I went to Downhills 1956-62. After a career in engineering project management, I
am embarking on a new career as a lecturer in Information Technology. I married
Pearl Hadwick, who attended Downhills 1956-61 and have two grown up children,
As there was not a web site for the school, I though I would start one, hoping
help would come along. It soon did in the form of Roger.
Interests include Shooting, Fishing, Cycle Sport, Real Ale and convivial company.
On the artistic front, I collect late 19th/early 20th century crested ware,
specialising in examples from the City of London.
I hold the old school in great affection. It provided me with a great start in
life and it is a pity it is no longer there. It would have been nice to be able
to repay the debt, so to speak.
JIM WROTE THE FOLLOWING WHEN THE WEBSITE WAS CREATED IN 2002:
"Education..... by which means alone we are rendered fit
members of well organised society".
The Central School system was created after the First World War
to provide selective secondary education outside of the existing
Grammar Schools. Grammar Schools provided a "classical education,"
Central Schools had a vocational bias to suit the needs of industry,
which was beginning to require large numbers of skilled professionals
and managers. They provided a unique opportunity for able students
to achieve academic qualifications, which otherwise would have been
denied them. Downhills, like all other Central Schools, had all
the features of a fee-paying school; a special identity of its own
and a house system to encourage friendly competition in all aspects
of student activity, academic and sporting - elements all sadly
Alas, our school is no longer with us. It succumbed to the introduction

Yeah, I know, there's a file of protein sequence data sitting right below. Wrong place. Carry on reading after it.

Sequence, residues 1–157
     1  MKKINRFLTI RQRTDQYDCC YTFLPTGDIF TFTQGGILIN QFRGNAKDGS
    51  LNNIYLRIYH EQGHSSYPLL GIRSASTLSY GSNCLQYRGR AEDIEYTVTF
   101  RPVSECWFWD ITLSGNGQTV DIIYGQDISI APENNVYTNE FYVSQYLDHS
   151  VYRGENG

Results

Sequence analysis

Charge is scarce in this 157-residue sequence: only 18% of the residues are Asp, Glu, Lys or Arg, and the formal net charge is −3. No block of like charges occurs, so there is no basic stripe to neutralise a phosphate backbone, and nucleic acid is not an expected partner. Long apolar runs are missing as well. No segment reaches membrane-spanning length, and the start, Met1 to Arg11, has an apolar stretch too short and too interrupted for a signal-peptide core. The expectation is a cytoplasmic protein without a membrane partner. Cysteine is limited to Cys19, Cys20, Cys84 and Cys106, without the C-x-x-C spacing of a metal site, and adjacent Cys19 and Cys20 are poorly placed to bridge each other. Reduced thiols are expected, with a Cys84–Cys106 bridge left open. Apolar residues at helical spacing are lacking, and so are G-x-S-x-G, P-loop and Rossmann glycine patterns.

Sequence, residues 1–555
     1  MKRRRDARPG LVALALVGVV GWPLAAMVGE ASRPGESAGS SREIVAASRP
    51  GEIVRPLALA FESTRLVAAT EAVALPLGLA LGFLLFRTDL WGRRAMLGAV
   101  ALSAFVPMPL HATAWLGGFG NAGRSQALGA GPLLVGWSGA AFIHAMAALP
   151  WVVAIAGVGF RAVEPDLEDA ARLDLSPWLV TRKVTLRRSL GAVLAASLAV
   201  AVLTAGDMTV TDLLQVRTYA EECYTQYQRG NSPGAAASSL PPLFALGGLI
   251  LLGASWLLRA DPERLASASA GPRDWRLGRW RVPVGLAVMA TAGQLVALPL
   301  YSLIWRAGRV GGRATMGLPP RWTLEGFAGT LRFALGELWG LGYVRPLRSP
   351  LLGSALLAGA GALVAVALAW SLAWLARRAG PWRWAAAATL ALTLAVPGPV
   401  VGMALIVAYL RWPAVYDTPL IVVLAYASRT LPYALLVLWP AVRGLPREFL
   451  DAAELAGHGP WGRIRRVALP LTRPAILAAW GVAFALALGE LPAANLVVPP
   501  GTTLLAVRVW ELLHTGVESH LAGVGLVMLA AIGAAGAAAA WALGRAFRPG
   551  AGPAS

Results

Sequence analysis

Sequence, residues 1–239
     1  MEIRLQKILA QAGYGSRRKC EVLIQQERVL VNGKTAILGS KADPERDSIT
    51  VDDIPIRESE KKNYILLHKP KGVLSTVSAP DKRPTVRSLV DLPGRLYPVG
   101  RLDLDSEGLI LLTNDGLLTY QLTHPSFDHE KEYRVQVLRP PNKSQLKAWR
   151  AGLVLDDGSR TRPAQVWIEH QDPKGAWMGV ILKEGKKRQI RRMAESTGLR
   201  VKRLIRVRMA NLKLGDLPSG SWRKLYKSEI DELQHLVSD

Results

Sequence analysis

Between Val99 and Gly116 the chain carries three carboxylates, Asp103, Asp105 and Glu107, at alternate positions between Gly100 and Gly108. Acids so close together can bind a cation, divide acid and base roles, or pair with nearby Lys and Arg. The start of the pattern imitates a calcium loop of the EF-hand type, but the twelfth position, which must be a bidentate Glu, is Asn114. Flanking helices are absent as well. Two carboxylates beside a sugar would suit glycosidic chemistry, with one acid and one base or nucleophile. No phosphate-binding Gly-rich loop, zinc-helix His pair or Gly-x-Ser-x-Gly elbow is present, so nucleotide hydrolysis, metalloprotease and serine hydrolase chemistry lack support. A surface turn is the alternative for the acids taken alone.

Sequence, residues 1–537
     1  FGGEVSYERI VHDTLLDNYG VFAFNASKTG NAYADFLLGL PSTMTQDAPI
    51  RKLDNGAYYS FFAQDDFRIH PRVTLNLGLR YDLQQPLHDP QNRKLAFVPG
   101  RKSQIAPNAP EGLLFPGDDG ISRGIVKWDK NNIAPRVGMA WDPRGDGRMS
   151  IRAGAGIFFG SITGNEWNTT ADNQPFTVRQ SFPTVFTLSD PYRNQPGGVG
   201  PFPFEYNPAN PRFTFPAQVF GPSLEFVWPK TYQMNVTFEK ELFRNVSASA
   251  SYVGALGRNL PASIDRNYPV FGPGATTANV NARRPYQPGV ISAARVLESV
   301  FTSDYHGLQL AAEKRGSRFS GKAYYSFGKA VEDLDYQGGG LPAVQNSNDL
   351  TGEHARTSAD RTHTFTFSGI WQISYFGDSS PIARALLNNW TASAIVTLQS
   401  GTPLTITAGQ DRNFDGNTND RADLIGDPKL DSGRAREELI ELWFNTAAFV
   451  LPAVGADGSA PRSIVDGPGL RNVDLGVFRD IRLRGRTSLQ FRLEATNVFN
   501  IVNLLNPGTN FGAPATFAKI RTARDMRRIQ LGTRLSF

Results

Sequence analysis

of the Comprehensive system. However the spirit of the school is
still very much alive and resides in its former students. This site
is aimed at all those who started at Downhills Central School on
or before 1964, when it occupied the Philip Lane site, or joined
one of those classes during the period of amalgamations in the mid
Seeing again the buildings, the old school badge and other items
of uniform is very evocative. The design of the badge is a stylised
representation of the Water Tower that stood at the top of Downhills
Park Road. The school colours were maroon, gold and black and the
school motto was taken from the school's initials "DCS"
- "Duty, Courage, Success." There are pictures of badges,
scarves, etc in the Photo Album section of this site, together with
photographs of the buildings.
It was a "spur of the moment" decision to create this
web site, a mad, idle moment subsequent to joining the Friendsreunited
web site. It had been a re-occurring thought over the years since
the internet came into being, but the creation of Friendsreunited
was the real stimulus. I am a database person and, when we started
this site, was by no means a web designer. However Roger Beckwith
quickly came on the scene and the general appearance of the site
and most of the graphics are his work.